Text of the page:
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So you thought you'd always be a member in good standing of the Photoshop Club, simply by upgrading every second or third version? With the recent announcement of mandatory Creative Cloud subscriptions to Photoshop and the other applications that once formed a part of its Creative Suites, Adobe has effectively shattered that illusion. So welcome to the new world, in which you'll be shelling out each month and every month until the next millennium for the right to run Photoshop. And if you stop subscribing? Good luck opening your files with a third-party application.
The animago awards have been spotlighting great work in the digital media production and visualisation domains since 1997. The 2012 awards were revealed last week, chosen from a field of 950 entries submitted from more than 50 countries. I've included all the award winners here, with some being teasers and others the entire work. Above is the launch trailer for Mass Effect 3: Take Earth Back. Created by Digic Pictures, Hungary, it snagged Best Post Production. You'll find some great work here. My favorites? The Chase, for its relentless action and amusing finish, and the sobering Ending Fishing. Although, the Cartier clip is visually stunning. Okay, okay, I liked all of them. Well, all except that weird Jury's Prize winner. Someone explain that to me.
Or so it would seem, judging by a new book release from German publisher Gestalten. While ancient and widespread, until recently in the West, tattoos marked those bearing them as being somehow apart, as members of mysterious tribes with vaguely disturbing belief systems and practices. But we've now reached the point where your grandmother could show up at the family barbeque sporting a butterfly or a flower and barely an eyebrow would be raised. The act of being tattooed has become so banal that it's no more exotic than getting your ears pierced. And somehow that banality has sucked all the life out of a long and rich decorative art. Admittedly, we don't all want to look like the ominously tattooed inmates in Russian prisons (search on "russian prison tattoo"), but still.
When Creative Suite 6 ships, sometime within the next few months, Adobe is hoping you'll purchase a subscription to its Creative Cloud, which is a central component of the release. Let me restate that: Adobe is really, REALLY hoping you'll pop for a subscription. And when you look closely at this cloud-based "creative hub," as Adobe calls it, it's not hard to see why, since it solves a lot of problems for the firm.
We humans are frightened by a lot of things but for most of us the scariest thing of all is contemplating the future. Not a future in which all is happiness and bliss but one in which something horrible pops up out of nowhere to grab us by the throat. Some unforeseen event so overwhelming that our lives are forever damaged. Ready and waiting to respond to this fear is, of course, the insurance industry.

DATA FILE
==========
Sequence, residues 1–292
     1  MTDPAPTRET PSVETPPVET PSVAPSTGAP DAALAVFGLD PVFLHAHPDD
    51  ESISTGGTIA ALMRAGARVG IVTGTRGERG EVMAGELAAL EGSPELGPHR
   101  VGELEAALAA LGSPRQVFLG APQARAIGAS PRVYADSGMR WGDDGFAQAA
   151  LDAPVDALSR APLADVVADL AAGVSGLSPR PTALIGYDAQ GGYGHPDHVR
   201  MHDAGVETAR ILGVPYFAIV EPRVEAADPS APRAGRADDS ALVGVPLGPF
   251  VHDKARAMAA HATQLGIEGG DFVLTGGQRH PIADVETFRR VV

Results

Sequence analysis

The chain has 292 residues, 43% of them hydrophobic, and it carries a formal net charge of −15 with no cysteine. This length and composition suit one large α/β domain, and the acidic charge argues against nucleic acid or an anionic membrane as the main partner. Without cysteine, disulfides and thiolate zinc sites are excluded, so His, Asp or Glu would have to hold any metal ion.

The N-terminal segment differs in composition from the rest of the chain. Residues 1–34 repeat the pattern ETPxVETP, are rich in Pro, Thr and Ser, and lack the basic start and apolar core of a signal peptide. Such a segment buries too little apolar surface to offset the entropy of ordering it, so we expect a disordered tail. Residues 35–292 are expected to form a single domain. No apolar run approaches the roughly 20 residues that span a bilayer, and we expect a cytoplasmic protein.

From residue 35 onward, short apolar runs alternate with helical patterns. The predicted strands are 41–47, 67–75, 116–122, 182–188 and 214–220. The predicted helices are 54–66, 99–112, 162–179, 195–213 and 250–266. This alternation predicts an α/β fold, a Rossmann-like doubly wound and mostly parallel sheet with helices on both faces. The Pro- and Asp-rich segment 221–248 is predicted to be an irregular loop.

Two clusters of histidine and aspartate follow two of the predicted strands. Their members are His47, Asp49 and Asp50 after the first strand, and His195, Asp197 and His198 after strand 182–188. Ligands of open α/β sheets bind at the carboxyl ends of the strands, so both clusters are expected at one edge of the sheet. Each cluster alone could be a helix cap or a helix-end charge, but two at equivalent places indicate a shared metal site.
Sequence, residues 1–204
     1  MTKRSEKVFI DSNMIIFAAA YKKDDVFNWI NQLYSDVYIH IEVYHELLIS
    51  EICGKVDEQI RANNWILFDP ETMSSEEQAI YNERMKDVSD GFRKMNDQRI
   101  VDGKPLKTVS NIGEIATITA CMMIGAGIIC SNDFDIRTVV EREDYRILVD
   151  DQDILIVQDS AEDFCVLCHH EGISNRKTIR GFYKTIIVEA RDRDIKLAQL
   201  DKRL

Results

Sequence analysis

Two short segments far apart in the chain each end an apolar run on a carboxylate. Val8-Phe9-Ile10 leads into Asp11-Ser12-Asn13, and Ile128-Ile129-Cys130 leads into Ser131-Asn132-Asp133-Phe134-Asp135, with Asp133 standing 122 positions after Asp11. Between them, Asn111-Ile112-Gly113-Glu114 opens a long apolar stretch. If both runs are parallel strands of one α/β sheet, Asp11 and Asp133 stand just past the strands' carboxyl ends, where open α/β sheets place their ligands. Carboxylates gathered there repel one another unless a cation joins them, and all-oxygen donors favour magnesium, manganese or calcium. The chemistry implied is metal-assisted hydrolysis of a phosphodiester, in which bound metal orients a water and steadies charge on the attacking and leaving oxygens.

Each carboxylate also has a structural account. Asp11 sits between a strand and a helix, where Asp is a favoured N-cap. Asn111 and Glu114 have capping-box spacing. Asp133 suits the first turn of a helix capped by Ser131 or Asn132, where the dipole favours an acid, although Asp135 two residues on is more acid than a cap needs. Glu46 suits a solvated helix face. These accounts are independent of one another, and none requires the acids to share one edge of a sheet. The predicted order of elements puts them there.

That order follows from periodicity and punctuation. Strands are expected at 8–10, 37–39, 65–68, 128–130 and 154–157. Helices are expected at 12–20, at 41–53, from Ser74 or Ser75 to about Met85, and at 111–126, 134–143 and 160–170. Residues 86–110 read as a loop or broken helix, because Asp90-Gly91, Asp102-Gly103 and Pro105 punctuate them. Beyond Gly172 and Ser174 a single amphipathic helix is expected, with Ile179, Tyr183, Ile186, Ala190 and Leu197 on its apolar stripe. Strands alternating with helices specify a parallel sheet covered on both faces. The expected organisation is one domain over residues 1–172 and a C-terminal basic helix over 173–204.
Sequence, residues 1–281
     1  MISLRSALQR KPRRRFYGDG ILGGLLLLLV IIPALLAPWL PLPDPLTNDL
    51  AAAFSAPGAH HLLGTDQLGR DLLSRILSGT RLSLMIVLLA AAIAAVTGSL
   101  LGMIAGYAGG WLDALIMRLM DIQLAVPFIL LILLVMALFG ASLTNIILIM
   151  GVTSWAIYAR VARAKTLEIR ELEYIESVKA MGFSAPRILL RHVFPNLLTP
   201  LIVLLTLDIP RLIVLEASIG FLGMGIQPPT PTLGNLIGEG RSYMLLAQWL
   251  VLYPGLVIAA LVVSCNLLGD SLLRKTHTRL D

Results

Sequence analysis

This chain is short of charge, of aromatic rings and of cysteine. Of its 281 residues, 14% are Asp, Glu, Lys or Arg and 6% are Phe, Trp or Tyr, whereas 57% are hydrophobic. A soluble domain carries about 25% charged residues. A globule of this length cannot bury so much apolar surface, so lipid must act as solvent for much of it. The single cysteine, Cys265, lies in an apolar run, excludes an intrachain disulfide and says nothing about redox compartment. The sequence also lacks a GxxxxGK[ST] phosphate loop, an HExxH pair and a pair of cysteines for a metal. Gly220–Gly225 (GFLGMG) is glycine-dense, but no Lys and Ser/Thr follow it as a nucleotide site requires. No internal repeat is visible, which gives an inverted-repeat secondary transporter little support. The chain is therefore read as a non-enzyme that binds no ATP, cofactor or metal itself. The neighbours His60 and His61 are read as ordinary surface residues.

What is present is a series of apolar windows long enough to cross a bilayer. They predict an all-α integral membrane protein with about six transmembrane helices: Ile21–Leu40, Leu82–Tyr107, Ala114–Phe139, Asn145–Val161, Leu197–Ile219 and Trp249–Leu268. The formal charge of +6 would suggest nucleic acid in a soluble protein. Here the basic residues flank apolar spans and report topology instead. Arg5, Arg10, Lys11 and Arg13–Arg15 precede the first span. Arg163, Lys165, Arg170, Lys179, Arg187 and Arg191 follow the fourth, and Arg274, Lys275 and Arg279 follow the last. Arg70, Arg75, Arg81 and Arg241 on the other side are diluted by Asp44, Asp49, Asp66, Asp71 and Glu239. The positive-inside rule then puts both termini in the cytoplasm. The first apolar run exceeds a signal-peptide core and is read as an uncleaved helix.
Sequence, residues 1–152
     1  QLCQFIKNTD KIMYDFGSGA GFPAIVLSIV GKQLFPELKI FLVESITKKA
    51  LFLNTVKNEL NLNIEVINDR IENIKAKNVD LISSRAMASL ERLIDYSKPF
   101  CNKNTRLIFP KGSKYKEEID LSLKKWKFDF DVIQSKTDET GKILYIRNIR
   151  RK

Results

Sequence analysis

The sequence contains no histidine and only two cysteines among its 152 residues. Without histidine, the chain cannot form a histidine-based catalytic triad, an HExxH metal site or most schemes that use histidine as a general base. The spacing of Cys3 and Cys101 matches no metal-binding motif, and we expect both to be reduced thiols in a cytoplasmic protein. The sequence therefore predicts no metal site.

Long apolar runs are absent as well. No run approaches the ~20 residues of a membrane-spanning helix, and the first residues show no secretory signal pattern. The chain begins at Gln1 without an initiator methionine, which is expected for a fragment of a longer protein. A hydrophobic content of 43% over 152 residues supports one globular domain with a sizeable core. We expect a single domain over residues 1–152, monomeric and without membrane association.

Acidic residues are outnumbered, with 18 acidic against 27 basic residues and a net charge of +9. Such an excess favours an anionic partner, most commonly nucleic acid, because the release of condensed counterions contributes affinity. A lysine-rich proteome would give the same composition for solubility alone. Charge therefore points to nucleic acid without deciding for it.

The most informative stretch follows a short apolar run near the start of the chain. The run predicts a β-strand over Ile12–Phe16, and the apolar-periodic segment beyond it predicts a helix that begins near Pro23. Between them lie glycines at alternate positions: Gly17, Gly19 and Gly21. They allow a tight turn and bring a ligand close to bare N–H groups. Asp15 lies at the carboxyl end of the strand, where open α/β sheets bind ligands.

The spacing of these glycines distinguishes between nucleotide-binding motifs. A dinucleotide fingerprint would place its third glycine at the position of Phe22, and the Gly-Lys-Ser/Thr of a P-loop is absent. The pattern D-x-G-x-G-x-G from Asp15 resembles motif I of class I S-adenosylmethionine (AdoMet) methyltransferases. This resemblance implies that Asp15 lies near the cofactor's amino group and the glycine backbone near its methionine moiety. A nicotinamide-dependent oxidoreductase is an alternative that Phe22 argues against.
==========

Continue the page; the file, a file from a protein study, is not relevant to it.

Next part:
Admit it, you've always wanted to have a giant skeleton emerging from your living-room wall, haven't you? No? Hmmm. Wait, I see the problem. Sorry, I was confusing this with my other blogging gig for Fangoria. Skeletons! Silly me, of course you don't crave oversize images of the living dead or alien surfers or giant bitmapped doughnuts (well, maybe that last one). So let's approach this from your perspective, that of a creative type in constant quest for new revenue streams and fresh services to offer your clients.
Who amongst us has not been tempted to make use of an image found via Google Image Search? In the past, you would have been wise to avoid that temptation, since in most cases this would have run counter to the intent of the image creator. But Google has recently added the ability to determine the usage rights connected with such images, which is good news for those either seeking or creating imagery.
There are some applications that I just can't get excited about upgrading. My copy of Word, for example, is antediluvian, and yet it still provides all the functionality I need. Given that there are now open source and online alternatives, there's probably nothing Microsoft could do to induce me to upgrade, short of giving it away. I imagine I'm not the only one with this attitude. The situation is different, however, when it comes to graphics and publishing applications. Or is it?
For the uninitiated, it may come as a surprise to hear that Graphics.com plays host to four ongoing design contests and challenges. While they all have in common a connection with a Jupiterimages stock content site, each provides a different way for you to participate and express your creativity, whether graphically or from a design perspective, ranging from an open-ended approach to those that have quite rigorous requirements. They're all fun to participate in and provide a way to stretch out a bit, freed from the day-to-day rigors of paid work. They also offer the potential to take home subscriptions to Photos.com, AbleStock.com or liquidlibrary.com.
I think that most readers of the Graphic Design Forum blogs are aware that the site is part of the Graphics.com Network. But it's less well understood that the Network is in turn a member of JupiterOnlineMedia, itself a division of Jupitermedia Corporation (don't worry, there will be no pop quiz). Another division of Jupitermedia is Jupiterimages, which has grown from consisting originally just of Clipart.com and Photos.com, to including a wealth of stock content sites, covering everything from royalty-free microstock, to high-end photos, illustrations, music, footage and Flash clips.